I had a Lucas fog light and driving light on my new MGB back in 1965. I
didn't install them, my mechanic did & I don't remember if they had a relay
installed. However, for all the reasons already covered, I would install a
Those old 1965 Lucas lights taught me a good lesson re. what light works
when & why. Over the years I supplemented it with the study of catalogs
from Hella, Cibie & others. SO, bear with me while I lay out some of that
1- The "fog lights" that are now standard on far too many cars & trucks are
generally useless as their beam is not properly focused or concentrated.
AND, they only operate in conjunction with the low-beam headlights. They
only thing they are good for is blinding those of us with low cars. I have
those kind of lights on my Saab 9-5. All they do is add SOME light at the
very near sides of the front view. They are useless in real fog or snow
except to add more lights for oncoming vehicles to see.
2- The old Lucas driving lights and many new driving lights have a beam the
is fairly vertical & focuses far down the road. Great for driving fast on
country road - if the roads are straight.
3- The old Lucas fog lights had a very flat beam and worked really well
because I was able to turn off my headlights. Good quality fog lights today
have a flat & wide beam. The idea is to prevent light from scattering up
into your straight-ahead view & reflecting back at you making distant
objects invisible through the illuminated fog or snow. This is why fog
lights should ONLY be used without headlights (parking lights on) to be
truly effective. HOWEVER, our dear friends in Washington, who are so much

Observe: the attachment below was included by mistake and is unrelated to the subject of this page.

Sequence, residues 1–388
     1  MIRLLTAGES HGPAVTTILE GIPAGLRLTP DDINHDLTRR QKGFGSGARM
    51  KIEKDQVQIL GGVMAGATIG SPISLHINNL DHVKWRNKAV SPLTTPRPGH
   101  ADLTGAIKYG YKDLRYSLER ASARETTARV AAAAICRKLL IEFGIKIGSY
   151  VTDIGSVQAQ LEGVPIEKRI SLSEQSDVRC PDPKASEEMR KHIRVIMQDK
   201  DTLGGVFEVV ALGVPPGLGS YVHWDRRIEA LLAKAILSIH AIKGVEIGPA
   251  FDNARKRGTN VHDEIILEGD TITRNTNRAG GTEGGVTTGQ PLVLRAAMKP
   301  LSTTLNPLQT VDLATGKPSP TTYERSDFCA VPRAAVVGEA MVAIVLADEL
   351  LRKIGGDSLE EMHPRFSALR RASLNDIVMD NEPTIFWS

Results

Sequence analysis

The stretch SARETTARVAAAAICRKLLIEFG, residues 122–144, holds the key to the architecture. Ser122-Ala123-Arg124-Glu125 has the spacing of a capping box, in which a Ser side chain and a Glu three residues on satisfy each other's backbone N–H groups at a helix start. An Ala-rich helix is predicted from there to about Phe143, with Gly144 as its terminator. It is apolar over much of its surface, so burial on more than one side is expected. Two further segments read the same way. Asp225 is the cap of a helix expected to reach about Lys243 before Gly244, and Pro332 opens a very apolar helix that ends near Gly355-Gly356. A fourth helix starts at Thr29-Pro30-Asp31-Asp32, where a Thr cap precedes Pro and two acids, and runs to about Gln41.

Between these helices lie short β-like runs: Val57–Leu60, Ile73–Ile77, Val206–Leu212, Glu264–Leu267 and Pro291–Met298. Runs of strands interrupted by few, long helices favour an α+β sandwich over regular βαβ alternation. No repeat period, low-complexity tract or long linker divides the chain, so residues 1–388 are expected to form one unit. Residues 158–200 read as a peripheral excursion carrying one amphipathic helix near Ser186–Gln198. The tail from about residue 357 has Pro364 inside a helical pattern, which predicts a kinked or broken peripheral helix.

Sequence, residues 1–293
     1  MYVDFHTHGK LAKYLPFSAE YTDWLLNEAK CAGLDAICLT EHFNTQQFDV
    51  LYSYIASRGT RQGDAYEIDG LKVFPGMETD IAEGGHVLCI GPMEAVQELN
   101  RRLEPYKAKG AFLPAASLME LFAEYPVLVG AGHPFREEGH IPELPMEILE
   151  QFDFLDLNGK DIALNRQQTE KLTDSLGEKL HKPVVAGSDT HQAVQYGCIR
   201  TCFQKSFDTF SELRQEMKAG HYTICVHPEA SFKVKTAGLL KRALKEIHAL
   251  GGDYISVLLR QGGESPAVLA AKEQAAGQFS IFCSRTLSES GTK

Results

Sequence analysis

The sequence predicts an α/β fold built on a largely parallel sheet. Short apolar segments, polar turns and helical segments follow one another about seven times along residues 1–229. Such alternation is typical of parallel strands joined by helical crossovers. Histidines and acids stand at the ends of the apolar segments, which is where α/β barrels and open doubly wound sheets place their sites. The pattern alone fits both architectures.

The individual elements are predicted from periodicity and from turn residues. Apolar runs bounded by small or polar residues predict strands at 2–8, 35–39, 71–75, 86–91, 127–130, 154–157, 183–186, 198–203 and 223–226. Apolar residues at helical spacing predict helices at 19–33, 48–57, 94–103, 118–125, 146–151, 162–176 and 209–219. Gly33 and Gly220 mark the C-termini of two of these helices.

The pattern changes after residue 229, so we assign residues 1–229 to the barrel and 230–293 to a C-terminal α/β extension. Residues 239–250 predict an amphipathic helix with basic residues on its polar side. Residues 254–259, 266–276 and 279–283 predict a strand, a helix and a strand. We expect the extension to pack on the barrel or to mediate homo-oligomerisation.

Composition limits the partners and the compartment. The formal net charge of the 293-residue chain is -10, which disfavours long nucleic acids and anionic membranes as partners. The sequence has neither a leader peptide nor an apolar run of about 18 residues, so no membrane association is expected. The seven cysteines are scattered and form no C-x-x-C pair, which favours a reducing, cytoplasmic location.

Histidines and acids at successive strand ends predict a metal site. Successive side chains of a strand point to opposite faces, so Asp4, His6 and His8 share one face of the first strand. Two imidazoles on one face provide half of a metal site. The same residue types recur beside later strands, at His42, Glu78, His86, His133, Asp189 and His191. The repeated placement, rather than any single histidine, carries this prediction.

wiser than we mere auto enthusiasts, have decreed that fog lights must be
accompanied by head lights. Duh! Why is it I can't see in the fog Senator
4- Since I bought my VW Dasher in 1976 (long departed) I have used a pair of
Cibie Z-Beam halogen headlights. I have moved them from car to car as I
sold one & then the next. The beam is very flat until the right 1/3 (U.S.).
It then angles higher & then flattens again. Not exactly a "Z" shape. But,
close. And, it works. I believe that Hella has a similar beam pattern on
one of their headlights.
Since Cibie's are no longer sold in The States except by a few hard-to-find
shops, I searched around & found a source for off-shore halogen headlights
with a similar beam pattern at a very good price point. I installed one in
my MGB to compare with the now 26-year old Z-beam (The other was killed by a
Porsche last January). I could only tell them apart because the lens of the
Z-Beam has endured those many years of road-sand-blasting & is pretty dull.
So, I installed the new headlight on that side too. With 100 watt high beam
bulbs I have fantastic visibility on dark roads. With no on-coming traffic
I can see more than a mile ahead.
So, what does all of this have to do with fog lights? This - these
flat-topped beams work like fog lights. The only drawback is that they are
placed much higher than the best mounting point for fog lights which is
below the front bumper. The idea is to keep the light low & the beam flat
and close to the road so it doesn't reflect from the drops of fog or the
snow. But, this requires that the headlights NOT defeat them.
As for our dear friends in Washington and their knowledge of lighting.
Remember these are the same "wise" men who decreed that sealed beams were
the only safe headlights. Thank you Ford for helping them see the real
light. (Remember the 1985 Mustang?)
So, what's the answer? Fog lights that work correctly are remarkable for
their ability to "penetrate" fog & snow. Use your judgment and make your
decisions. If you install any kind of lights, aim them correctly.
Cheers! And, Happy Holidays!
'66 MGB with bright lights
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